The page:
When owning a business, hiring and firing staff is all part of running a successful company. However, when choosing to end someone's employment - you must act legally.
Under no circumstances should you terminate an employee wrongfully, this is against employment law and could end in a tribunal.
In this guide, we'll discuss what wrongful dismissal is, its permutations if it happens, and the differences between wrongful and unfair dismissal.
What is wrongful dismissal?
Under UK employment law, wrongful dismissal is a breach of contract. Only the employer can be the cause of this type of dismissal.
When terminating someone's employment, you should always follow a fair and legal procedure. Wrongful dismissal occurs commonly when an employer doesn't follow termination legalities.
In order to ensure you avoid wrongfully dismissing an employee - it's important you familiarise yourself with common examples.
Examples of wrongful dismissal
The rules and regulations surrounding employee dismissal are outlined in the Employment Rights Act 1996. However the right to claim wrongful dismissal isn't included, it's a common law claim based on breach of an employment contract.
Below are examples of an employee being wrongfully dismissed which must be avoided by:
- Not following the legal procedure when making staff redundant.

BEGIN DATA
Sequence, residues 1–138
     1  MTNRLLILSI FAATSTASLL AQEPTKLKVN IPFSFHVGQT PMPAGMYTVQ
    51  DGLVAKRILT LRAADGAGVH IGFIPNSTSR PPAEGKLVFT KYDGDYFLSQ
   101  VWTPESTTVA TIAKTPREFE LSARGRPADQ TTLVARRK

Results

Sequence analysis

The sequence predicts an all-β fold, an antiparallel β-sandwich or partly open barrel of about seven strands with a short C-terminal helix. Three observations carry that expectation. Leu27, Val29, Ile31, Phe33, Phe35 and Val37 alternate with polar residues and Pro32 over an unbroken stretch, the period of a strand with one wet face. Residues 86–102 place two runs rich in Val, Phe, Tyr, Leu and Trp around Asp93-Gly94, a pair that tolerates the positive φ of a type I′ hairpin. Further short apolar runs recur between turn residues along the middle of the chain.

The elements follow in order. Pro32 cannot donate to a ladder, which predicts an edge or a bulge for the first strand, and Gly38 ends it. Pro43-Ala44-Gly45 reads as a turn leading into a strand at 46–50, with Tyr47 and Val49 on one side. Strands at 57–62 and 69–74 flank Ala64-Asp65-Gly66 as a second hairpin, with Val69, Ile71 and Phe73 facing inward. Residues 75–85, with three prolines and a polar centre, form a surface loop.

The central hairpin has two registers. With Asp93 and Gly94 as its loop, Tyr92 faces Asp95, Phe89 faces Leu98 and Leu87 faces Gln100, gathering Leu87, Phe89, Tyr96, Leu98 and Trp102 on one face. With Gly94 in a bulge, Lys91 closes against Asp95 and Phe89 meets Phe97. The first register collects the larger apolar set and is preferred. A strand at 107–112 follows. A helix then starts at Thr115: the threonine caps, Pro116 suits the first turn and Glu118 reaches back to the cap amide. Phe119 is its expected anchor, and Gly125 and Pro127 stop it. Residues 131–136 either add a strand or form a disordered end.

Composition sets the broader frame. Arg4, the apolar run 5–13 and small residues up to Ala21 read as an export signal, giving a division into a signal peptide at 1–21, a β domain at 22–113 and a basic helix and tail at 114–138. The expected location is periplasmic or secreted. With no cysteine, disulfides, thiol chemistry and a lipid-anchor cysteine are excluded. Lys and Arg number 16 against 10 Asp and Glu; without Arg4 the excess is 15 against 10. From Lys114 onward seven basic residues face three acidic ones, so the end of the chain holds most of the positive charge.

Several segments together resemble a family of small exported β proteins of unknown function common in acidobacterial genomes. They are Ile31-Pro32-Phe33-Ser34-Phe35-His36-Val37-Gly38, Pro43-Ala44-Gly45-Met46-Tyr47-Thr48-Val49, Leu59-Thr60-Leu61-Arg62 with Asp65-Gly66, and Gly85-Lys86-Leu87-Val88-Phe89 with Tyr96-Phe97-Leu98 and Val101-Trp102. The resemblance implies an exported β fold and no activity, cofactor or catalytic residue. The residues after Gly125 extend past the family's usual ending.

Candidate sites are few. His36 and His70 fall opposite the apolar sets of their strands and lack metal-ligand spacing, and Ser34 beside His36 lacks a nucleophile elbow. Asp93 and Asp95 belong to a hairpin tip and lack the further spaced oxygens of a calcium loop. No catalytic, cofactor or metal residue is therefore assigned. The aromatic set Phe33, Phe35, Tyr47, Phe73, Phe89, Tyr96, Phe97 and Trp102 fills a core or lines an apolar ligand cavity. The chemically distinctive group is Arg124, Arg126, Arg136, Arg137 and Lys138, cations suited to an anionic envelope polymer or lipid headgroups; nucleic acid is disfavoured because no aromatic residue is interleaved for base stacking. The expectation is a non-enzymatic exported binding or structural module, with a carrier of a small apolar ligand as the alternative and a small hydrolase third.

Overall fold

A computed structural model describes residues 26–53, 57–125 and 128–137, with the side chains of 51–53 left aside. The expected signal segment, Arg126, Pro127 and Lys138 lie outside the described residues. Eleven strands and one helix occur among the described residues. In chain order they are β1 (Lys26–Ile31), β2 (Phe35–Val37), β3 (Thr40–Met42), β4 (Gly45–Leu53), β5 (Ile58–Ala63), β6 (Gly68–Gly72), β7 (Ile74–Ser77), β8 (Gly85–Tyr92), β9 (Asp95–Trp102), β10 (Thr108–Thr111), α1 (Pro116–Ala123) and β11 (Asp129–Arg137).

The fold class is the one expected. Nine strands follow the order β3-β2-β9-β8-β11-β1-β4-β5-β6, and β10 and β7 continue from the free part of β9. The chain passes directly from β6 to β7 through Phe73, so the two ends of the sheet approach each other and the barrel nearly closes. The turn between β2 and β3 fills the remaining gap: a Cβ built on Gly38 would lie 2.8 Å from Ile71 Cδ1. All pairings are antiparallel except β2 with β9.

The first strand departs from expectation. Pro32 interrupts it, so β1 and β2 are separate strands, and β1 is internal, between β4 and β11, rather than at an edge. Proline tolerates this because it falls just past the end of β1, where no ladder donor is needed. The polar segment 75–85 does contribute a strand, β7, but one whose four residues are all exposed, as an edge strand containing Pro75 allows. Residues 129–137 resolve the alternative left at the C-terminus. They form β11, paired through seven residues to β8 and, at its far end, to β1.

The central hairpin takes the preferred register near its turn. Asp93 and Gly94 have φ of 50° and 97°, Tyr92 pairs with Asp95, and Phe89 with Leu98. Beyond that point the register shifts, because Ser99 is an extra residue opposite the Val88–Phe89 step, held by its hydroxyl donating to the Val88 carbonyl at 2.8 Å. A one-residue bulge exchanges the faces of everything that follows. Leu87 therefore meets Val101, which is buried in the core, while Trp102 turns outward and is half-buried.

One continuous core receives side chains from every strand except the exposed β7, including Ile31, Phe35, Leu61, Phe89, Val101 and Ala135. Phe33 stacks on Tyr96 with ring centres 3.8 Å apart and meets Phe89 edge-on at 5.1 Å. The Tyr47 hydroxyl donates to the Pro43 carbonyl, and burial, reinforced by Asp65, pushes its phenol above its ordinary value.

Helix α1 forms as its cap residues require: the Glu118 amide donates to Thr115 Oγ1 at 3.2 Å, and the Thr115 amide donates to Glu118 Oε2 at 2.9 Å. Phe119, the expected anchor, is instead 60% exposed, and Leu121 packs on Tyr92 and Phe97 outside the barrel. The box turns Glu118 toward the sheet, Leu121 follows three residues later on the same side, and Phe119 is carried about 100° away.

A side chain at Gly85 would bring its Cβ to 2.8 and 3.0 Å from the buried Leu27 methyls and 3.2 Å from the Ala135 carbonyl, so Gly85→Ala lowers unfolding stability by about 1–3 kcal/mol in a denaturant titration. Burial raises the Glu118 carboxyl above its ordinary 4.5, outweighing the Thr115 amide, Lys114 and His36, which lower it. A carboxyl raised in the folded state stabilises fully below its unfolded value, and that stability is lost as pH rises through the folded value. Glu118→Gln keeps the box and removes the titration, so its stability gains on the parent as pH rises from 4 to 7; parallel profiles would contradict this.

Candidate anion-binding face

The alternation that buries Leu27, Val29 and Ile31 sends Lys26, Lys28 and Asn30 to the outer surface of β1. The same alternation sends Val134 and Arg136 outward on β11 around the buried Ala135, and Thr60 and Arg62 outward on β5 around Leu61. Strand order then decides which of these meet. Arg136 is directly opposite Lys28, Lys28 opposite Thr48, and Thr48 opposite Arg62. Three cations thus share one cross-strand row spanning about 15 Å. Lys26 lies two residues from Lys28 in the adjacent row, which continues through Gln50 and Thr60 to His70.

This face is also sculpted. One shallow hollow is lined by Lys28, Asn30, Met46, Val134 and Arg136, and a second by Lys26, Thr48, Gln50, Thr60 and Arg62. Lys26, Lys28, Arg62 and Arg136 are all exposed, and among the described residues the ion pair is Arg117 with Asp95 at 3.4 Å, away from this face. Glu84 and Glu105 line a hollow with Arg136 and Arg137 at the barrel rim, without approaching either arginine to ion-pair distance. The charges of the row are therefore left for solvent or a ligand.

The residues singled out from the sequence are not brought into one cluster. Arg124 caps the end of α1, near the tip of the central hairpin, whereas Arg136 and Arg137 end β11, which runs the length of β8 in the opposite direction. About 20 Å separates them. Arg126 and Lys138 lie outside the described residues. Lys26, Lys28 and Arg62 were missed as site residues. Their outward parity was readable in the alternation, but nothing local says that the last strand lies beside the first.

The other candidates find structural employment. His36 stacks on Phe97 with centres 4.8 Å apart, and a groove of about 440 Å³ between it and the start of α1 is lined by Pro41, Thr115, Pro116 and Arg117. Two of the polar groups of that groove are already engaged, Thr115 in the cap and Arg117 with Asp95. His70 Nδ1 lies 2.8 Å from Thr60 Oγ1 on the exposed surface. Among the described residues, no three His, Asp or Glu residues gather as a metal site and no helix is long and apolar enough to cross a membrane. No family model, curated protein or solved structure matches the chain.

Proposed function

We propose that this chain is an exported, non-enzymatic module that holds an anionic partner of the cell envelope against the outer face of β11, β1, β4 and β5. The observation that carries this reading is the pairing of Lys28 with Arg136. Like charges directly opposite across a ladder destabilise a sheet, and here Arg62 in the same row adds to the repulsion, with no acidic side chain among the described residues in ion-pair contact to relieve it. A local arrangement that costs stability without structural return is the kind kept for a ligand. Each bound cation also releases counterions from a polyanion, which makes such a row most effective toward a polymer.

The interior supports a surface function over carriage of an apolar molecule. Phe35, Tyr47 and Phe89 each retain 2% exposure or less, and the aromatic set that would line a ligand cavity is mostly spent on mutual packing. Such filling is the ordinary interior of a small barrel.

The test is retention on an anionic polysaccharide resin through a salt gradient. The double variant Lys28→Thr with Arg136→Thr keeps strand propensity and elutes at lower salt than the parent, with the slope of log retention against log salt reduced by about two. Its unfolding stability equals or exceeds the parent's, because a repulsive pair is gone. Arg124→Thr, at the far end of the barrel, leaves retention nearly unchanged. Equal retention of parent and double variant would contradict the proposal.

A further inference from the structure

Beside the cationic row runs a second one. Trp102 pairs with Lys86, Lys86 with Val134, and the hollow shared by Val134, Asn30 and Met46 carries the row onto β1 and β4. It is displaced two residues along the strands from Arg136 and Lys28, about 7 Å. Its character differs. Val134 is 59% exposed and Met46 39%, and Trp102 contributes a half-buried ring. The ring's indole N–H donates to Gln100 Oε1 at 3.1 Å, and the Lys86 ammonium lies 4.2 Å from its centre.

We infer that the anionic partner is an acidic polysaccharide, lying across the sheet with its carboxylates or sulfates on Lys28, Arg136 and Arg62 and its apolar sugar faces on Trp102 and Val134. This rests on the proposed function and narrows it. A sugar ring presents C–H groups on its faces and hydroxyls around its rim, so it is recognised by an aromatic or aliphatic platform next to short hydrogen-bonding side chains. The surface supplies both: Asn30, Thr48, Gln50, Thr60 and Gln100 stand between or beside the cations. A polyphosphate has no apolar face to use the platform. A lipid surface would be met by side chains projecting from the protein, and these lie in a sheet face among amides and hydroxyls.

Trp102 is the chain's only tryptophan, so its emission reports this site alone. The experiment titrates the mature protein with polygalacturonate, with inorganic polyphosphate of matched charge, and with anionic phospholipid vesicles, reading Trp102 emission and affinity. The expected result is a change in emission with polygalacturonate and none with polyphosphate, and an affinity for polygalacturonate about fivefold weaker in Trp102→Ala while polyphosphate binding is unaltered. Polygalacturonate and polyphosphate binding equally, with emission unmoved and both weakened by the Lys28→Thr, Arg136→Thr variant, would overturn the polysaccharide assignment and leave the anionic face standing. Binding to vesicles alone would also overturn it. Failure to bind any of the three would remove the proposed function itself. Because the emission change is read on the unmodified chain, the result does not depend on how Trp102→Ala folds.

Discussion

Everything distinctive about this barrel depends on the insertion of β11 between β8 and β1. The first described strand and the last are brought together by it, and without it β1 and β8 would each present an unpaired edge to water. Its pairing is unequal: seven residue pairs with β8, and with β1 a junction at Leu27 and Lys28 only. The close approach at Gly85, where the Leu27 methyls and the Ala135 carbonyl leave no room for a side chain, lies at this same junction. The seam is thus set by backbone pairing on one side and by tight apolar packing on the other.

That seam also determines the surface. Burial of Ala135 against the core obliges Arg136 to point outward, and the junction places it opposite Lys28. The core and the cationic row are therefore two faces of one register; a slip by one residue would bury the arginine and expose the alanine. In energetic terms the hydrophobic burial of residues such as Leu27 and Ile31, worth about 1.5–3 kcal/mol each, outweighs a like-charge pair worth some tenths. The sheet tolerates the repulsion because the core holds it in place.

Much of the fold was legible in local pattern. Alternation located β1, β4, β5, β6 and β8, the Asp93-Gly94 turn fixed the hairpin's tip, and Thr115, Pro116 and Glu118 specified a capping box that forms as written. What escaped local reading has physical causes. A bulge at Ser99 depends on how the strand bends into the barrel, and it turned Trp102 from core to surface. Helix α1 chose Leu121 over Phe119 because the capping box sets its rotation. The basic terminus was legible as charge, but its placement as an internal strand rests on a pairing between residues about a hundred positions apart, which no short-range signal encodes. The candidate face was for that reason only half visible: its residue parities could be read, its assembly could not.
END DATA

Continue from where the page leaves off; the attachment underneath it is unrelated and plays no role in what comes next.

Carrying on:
- Failing to meet the basic contractual obligations for a temporary or fixed-term contract.
- Not following contractual disciplinary measures, such as treating a small performance issue as gross misconduct.
- Committing constructive dismissal against an employee.
- Dismissing an employee without fair or previous warning.
- Not providing the contractual notice period before termination (the minimum notice period the employees are entitled to can be between one week and 12 weeks).
Can an employer dismiss an employee without notice?
As an employer, it's important you're aware of when you can end someone's employment without providing notice.
There are two instances where a notice period isn't required for termination:
- If the employee has committed gross misconduct or a serious breach of contract. For example theft, bullying, or harassment. This is also known as a summary dismissal.
- If there's a payment in lieu of notice clause included in the employment contract. A payment in lieu of the notice clause is when both parties agree to a lump sum rather than service the required notice period.
Can you be taken to an employment tribunal for wrongful dismissal claims?
If a former employee feels they've been wrongfully dismissed, they may make a wrongful dismissal claim.
This leads to the business being taken to an employment tribunal or county court - which looks at all the circumstances, as well as the context surrounding the employer's breach before making a decision.
However, there's certain criteria which must be met for an employee to make such a claim for wrongful dismissal:
- If the claim is made following an employment standards breach.
- There’s no continuous period of employment required to make a claim.
- Employees must make a claim within three months from the effective date of employment being terminated.